Previously if motorists wished to complain about an MOT which had just been carried out on their vehicle they would need to approach a garage employee and ask for the necessary form.
Aside from the fact that many motorists might not be aware of the existence of the form (although a notice outlining the procedure is required to be displayed at the MOT garage), many motorists may have found the procedure embarrassing, may have felt intimidated or may not even be offered the form.
The system has now changed and motorists who are unhappy with their MOT may now find the same form online, as a file which they can type directly into and email, or print out and complete by hand and send directly to DVSA.
By searching for ‘MOT complaints’, a DVSA page containing the new document will be found. Or click here:
The form is the same as those which Testing Stations must make available for customers who wish to appeal their MOT Test result.
“Complain about an MOT” consists of six pages.
Page 1 explains what you have to do if you are complaining about a failure, or in some cases – see later – it might be a pass. Then pages 2 and 3 are for the details of the person complaining and the vehicle involved, and page 4 asks for details of the MOT certificate and the Testing Station being complained about.
There’s a page to write out details of the complaint, and the final page is for the motorist to formally sign a ‘declaration’, and a box for ‘official use’ by the DVSA.
Worth an update?
Although the form is unchanged, looking at it now it could perhaps be improved.
Under the heading, “If your vehicle failed”, there’s a short paragraph which says:
“If your vehicle fails its MOT, you need to discuss your Test results with the Test Centre before anyone starts repairs. You can appeal against the failure if you think it’s wrong.”
This is not repeated, however, under the next heading for those complaining about a ‘pass’ result (perhaps in a situation where the complainant has recently bought a vehicle with an MOT certificate which they feel was unwarranted, and they have gone to the Testing Station which carried out the Test to query it).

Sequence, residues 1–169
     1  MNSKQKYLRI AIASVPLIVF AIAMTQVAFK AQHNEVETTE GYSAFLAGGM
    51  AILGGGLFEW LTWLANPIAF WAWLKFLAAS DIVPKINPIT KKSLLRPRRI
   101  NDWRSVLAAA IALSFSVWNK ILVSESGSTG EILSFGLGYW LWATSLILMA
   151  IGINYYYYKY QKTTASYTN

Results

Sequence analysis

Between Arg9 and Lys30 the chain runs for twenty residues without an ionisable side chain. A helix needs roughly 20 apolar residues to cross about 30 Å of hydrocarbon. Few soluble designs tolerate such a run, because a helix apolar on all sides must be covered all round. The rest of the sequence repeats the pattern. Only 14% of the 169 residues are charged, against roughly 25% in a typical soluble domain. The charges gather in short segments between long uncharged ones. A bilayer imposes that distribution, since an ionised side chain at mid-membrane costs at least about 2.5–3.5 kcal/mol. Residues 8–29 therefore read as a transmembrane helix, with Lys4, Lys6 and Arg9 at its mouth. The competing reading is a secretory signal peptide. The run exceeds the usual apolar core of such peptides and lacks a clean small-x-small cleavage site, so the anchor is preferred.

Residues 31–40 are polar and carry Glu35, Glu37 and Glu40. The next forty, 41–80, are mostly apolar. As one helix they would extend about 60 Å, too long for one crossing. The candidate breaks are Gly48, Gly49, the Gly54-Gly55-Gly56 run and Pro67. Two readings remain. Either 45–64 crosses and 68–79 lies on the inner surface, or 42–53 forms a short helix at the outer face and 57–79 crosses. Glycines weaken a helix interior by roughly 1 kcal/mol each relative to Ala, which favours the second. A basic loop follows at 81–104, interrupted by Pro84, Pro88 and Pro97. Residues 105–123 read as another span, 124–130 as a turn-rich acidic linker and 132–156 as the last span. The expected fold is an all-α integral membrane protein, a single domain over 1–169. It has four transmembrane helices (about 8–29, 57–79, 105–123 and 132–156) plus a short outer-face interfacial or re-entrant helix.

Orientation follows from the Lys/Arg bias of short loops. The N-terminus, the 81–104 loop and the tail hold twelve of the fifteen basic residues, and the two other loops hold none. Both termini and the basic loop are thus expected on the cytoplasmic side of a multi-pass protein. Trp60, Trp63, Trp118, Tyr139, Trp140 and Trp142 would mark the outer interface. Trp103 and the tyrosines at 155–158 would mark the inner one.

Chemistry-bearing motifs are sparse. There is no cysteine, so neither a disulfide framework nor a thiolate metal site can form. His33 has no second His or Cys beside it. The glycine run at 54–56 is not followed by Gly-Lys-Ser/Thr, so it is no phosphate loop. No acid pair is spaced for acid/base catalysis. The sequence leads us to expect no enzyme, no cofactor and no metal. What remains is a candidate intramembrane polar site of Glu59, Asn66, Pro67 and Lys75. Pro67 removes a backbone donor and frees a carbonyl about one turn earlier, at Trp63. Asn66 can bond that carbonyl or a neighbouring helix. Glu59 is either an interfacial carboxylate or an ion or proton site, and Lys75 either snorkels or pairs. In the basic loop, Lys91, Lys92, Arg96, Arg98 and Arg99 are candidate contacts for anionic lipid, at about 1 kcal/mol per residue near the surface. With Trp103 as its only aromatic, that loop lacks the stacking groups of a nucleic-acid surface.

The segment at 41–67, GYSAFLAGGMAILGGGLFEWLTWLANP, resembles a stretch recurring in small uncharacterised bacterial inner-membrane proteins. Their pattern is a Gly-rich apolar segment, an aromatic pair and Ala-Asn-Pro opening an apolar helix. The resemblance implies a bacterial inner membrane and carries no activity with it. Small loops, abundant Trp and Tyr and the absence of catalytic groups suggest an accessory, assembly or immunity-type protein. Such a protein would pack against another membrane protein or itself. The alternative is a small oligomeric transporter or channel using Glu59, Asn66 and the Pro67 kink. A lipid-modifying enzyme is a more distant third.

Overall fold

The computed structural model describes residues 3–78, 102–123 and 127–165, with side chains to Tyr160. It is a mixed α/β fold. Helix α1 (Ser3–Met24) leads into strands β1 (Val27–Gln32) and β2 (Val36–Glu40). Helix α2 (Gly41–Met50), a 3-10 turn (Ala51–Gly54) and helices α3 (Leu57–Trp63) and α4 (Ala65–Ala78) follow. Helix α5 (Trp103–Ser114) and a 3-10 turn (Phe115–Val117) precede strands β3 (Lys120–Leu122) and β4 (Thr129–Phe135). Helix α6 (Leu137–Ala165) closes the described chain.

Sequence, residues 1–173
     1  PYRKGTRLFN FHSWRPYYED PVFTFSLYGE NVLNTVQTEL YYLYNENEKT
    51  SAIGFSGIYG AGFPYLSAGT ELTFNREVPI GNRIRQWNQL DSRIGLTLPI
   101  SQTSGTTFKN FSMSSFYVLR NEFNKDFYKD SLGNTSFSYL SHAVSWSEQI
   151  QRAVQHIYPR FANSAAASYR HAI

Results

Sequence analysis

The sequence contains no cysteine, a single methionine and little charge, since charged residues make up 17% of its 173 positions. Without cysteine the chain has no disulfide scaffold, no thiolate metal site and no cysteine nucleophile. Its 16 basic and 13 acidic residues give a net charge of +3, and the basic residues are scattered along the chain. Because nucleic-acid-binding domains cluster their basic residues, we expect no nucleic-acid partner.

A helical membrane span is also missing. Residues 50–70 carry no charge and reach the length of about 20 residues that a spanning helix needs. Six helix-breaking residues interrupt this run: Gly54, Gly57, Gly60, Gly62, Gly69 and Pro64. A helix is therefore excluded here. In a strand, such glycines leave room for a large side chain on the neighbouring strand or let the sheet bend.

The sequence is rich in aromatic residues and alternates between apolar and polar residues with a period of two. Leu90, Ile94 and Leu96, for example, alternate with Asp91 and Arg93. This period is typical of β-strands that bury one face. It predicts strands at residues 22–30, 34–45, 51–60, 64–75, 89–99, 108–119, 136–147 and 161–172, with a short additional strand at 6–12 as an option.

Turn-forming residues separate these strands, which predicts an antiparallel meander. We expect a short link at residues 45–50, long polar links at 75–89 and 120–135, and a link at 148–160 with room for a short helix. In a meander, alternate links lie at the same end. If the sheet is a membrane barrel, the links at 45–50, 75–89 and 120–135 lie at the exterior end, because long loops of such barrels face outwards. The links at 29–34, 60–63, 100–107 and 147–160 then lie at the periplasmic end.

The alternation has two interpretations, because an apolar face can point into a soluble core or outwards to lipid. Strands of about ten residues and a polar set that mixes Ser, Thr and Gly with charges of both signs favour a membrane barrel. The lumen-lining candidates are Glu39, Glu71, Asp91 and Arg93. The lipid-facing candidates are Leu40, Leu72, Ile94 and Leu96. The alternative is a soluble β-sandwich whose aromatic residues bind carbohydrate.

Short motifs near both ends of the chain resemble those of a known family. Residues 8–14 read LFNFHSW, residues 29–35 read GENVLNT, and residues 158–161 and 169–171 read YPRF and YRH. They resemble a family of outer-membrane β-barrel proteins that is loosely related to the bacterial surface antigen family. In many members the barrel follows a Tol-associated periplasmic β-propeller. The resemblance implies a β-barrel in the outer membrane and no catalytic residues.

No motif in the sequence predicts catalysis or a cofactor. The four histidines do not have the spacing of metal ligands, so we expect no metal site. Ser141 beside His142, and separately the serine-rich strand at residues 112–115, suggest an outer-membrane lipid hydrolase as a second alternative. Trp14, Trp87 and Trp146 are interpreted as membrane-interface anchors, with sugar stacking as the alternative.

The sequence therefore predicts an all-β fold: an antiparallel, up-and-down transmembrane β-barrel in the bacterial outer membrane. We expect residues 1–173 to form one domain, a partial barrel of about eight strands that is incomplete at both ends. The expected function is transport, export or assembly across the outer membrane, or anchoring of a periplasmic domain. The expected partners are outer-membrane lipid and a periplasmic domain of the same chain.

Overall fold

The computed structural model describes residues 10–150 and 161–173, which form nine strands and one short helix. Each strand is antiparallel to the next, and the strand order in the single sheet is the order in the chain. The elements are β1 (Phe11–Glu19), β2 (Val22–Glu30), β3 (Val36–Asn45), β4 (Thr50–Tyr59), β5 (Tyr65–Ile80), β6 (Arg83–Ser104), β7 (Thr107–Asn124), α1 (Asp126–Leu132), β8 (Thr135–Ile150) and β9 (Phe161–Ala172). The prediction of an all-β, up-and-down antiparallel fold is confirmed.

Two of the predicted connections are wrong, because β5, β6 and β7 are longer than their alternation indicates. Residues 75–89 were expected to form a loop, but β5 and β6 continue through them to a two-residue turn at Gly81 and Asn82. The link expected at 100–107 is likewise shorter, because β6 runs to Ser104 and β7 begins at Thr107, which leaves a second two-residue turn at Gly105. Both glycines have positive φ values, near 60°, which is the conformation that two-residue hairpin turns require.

That omission is odd; it is possible that the Tester has spotted something and issued an advisory rather than a failure (there was a fault, but not serious enough to fail) surely that’s something the motorist should discuss with the Tester before going to the DVSA – it might save a lot of time!
It has always been a matter of contention with Testing Stations that motorists are promised that “DVSA will offer you an appointment within five days to recheck your vehicle – you won’t need to pay”.
That five-day promise could easily mean that the Tester and the AE may not have enough time to be able to be present at the re-examination. This has always been a bone of contention with the MOT Trade. But this form is very old, and in the light of more recent EU ‘human rights’ laws, given that the Tester’s job, or the AE’s business might be at stake – DVSA may well, albeit inadvertently, now be in breach of those laws.
Moving with the times
As the DVSA moves with the times doing more and more ‘online’, then perhaps each time they do make such a change, they should also look what it is they are now moving to the modern platform – especially for old forms and so on which have not been reviewed for a long time and take the opportunity to make improvements.
The form can also be downloaded by clicking on this link: